Tuesday, 19 July 2011
Under the Same Moon
Under the Same Moon (2007) dir. Patricia Reggin
Starring: Adrian Alonso, Kate del Castillo, Eugenio Derbez, Maya Zapata
By Alan Bacchus
In 2007, Under the Same Moon (aka La Misma Lun) never did find its audience. This is no surprise. It’s uncool, unhip, old fashioned and a little corny. But its optimism and heart-on-its-sleeve sentimentality is a welcomed breath of fresh air. This simple tale of a young Mexican boy's journey to be reunited with his mother across the border is a near perfect rendering of the classic Odyssey-style storytelling and a small unearthed gem waiting to be discovered.
The opening establishes the two main characters, nine-year-old Carlito and his mother Rosario. Rosario crossed the border illegally 4 years ago and now lives in LA working as a maid so she can properly provide for her son. Carlito lives with his grandmother in Mexico. His life is safe and secure, but he’s brave enough to mask his desire to grow up in the company of his mother. Breaking the bond of mother and son creates such a strong cinematic hook, the real-world plausibility or logic of such a situation becomes mute. A dramatic event at the first act turn occurs which puts his domestic situation in question.
Carlito goes on a journey to find his mother, a journey that takes him across the border via a series of interesting characters – some good, some not so good – who help at each stage along the way. The less you know about the specifics of the story the better because despite the Hollywood conventions it’s an unpredictable series of narrative twists and turns – something new and exciting is discovered with every new beat, scene and act turn. If I was teaching a course on screenwriting, Under the Same Moon could be a case study on the perfect structure and execution of its genre.
The finale is unabashedly 'Hollywood', but it’s still thoroughly cinematic and satisfying. It’s the perfect ending for this special film.
The anchor is a remarkable performance from youngster Adrian Alonzo – an astonishing performance comparable to any of the acclaimed child performances in recent memory (i.e., Haley Joel Osment, Abigail Breslin, Dakota Fanning, etc.). But the lack of recognition for such work is equally astonishing. Young Adrian holds down the film with complete authenticity. His sad but strong eyes instantly give Carlito the street smarts the character needs for us to believe that he could make this journey.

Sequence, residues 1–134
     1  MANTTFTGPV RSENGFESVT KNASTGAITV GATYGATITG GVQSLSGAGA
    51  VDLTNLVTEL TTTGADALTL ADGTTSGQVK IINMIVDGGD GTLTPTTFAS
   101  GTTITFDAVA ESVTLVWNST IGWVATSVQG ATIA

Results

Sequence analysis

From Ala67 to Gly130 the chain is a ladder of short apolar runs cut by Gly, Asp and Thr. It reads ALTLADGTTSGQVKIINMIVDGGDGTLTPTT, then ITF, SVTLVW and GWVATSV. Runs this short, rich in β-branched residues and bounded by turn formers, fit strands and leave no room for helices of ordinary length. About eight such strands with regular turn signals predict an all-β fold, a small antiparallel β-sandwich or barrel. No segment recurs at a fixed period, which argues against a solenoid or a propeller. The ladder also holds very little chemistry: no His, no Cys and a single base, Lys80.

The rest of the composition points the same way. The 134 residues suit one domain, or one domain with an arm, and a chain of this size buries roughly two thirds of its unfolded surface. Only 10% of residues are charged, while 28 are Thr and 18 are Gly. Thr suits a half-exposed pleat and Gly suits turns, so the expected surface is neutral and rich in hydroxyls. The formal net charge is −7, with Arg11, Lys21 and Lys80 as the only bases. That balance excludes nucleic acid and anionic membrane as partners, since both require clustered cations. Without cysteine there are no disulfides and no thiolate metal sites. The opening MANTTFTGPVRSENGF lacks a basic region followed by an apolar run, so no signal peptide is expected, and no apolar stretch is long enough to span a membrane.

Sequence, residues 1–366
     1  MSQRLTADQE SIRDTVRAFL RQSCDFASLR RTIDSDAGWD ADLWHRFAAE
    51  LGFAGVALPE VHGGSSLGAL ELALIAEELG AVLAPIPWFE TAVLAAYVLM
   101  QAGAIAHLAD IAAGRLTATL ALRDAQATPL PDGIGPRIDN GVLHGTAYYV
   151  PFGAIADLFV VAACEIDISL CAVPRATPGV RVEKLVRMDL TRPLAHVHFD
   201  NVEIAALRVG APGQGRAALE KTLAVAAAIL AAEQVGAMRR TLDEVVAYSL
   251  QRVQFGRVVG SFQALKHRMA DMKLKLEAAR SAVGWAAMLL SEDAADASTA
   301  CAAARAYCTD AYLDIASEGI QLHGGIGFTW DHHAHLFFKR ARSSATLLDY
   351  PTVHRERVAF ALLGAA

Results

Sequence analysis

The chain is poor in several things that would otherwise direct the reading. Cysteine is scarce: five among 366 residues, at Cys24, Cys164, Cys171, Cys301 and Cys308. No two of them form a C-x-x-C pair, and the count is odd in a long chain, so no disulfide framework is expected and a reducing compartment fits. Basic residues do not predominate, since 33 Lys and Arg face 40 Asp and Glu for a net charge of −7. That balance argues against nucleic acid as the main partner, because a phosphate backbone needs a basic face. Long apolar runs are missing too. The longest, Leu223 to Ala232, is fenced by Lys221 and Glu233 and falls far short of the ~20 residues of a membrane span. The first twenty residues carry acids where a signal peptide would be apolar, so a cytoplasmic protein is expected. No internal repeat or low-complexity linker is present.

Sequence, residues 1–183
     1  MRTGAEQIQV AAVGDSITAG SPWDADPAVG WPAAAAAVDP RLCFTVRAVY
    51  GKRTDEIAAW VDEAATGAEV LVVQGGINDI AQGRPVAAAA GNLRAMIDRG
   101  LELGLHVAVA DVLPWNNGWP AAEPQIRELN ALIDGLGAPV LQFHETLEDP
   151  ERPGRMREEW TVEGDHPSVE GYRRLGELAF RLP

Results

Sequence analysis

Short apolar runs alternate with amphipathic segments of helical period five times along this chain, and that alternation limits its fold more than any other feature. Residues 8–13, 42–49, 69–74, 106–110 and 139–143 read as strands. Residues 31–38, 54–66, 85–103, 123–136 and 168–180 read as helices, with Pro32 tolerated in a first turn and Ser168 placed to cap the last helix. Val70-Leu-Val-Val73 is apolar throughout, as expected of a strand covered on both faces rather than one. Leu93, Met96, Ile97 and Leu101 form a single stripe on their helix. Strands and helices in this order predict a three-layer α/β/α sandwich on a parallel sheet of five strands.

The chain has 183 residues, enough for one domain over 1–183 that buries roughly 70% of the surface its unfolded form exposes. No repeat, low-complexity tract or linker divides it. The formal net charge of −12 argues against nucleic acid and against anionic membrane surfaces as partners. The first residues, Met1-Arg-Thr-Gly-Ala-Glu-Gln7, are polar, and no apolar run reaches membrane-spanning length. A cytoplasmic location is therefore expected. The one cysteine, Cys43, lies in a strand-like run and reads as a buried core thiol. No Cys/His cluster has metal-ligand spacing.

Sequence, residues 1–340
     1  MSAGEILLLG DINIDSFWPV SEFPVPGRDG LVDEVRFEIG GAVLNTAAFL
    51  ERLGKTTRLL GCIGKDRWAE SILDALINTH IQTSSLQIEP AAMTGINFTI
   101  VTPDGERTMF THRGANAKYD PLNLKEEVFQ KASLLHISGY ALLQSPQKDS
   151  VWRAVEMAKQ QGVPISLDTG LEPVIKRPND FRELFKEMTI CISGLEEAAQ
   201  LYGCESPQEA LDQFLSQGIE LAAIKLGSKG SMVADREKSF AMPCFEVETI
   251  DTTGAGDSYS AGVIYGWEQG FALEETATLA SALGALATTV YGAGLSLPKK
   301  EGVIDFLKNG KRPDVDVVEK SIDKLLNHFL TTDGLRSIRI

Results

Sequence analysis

The characters he meets along the way are introduced casually but are slowly developed under our noses. Check out the loathsome Enrique (Eugenio Derbez), who enters the picture as a fellow border crosser that has no need to hang around a nine-year-old while evading the INS ( I wouldn’t either). But surprisingly, Enrique hangs around long enough to become an integral supporting character who learns something about honour and friendship along the way.
It would be easy to dismiss the film for simplifying complex issues, or the fact that it makes no overt political stance on border relations between Mexico and the U.S. The border exists purely as a cinematic device or barrier between mother and son. The film is bigger than the political issue because it’s a pure form of storytelling, which in the annals of history will survive long past its 'politically divisive' contemporaries.